There isn’t much of a town to Theth. Everything you’ll need can be provided by the guesthouses. This place even had beer unlike the last place. There’s a market and a restaurant about 10 minutes away in the direction of the end of the trail. Besides that, Theth is all nature. Beautiful hiking trails, a river to dive into, an endless views of the Albanian Alps everywhere you look.
Valbona to Theth: The Hike Itself!!!
Okay, let’s get down, let’s get down to business.
Depending on where you start and where you end, the hike can range anywhere from around 12-20 kilometers. If you start from Valbone town and hike all the way to Theth town, it’ll be about 17 kilometers. Valbone is very spread out, so where you’re staying and where you start can add a few kilometers to the journey.
Oh, and before you go, make sure to have good travel insurance handy whenever you’re out adventuring. I use SafetyWing to keep me covered throughout my travels.
The Way Up
We started our hike just before 7 AM which we felt was perfect. We had a few hours before it got too hot, and by the time the sun started beating down us, we were in the shady downhill stretch of the hike. The trail starts pretty flat for the first half hour or so. You’ll be walking along rocky terrain but the trail is well worn and clearly marked. Eventually, the incline begins. The inclines are never too tricky or too steep. Just take your time and you’ll be okay.
About halfway to the Valbona Pass, you’ll run into a little cafe where you can buy drinks and refill your water bottles. You can even buy beer here, but being ~ the partying traveler ~ that I am, I brought my own beer up the mountain. Did I regret it? I will abstain from an answer, but let’s just say a warm beer at the mountain pass brought me very little satisfaction.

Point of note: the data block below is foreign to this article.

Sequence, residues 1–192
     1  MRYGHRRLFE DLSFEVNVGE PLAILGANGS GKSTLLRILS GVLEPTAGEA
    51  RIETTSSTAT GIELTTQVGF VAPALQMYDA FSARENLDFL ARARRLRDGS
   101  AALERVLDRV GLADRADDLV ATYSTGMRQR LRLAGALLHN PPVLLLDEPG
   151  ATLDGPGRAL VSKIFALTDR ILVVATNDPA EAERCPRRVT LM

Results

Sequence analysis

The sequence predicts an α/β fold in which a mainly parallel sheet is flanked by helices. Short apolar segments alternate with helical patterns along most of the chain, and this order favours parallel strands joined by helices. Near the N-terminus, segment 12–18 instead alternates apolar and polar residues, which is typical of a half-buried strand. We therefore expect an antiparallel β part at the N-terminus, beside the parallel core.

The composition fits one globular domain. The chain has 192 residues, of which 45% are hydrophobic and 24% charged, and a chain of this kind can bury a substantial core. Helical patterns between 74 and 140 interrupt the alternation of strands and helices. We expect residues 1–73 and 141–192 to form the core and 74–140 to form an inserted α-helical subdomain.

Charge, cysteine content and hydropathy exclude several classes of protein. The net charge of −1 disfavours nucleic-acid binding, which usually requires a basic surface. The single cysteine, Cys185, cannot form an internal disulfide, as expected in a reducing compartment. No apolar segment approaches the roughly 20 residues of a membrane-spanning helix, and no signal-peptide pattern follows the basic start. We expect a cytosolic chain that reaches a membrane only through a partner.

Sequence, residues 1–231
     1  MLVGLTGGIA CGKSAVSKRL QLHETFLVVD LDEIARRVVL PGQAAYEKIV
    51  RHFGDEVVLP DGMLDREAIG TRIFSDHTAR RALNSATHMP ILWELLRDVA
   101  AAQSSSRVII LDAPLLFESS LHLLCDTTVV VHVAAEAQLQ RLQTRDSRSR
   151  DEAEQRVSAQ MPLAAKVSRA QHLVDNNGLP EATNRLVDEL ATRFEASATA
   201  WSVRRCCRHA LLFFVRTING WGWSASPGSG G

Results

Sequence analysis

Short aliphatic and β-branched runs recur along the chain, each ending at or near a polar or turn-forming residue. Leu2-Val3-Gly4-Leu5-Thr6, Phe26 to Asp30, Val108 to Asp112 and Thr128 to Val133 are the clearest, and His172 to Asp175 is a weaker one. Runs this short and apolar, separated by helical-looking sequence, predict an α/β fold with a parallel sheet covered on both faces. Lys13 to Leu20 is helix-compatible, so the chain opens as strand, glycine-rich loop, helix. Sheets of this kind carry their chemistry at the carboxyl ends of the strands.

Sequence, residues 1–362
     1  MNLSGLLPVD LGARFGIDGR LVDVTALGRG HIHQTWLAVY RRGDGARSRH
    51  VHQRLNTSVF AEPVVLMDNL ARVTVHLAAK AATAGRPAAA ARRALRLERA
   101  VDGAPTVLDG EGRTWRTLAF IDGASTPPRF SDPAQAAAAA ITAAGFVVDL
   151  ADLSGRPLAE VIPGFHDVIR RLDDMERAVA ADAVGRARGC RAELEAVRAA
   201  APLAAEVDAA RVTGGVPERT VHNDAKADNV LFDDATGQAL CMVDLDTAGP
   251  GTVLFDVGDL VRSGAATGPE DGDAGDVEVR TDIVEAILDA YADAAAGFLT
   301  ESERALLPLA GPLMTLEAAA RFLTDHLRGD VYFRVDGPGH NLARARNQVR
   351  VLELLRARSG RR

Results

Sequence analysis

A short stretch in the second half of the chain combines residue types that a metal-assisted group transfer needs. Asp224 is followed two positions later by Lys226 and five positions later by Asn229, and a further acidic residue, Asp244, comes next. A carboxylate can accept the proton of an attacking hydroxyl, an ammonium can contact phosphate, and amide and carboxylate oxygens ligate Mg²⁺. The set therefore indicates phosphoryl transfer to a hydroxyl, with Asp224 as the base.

After you pass the cafe, the difficulty starts to pick up. You’ll be a lot more exposed to the elements, so if you’re hiking during midday, the heat can become brutal. I definitely recommend starting as. early as you can because of this. If it’s windy, it also makes things a lot trickier. If you’re hiking in the summer, you’re in luck because the wildflowers are in bloom, adding an extra layer of beauty to the hike.
The Mountain Pass
When you’re close to the Valbona Pass, you might run into some snow along the way. We heard from a few hikers who did it a few weeks prior that it was quite dangerous. It’s a steep drop off, and hard, icy snow is never all that trustworthy to walk on. Thankfully, it didn’t pose any problem for us.
There are a few trails that branch off from the mountain pass. If you want to climb a little higher, feel free to do this. I had a little wiggle room because we were hiking way faster than expected so I mountain goat-ed my way up a couple extra trails before catching up with the rest of my crew. The views here are absolutely epic. It’s a stunning panorama where you get vistas of the entire Valbona Valley and Theth Valley. Bucket list stuff. Add it to yours.
The Way Down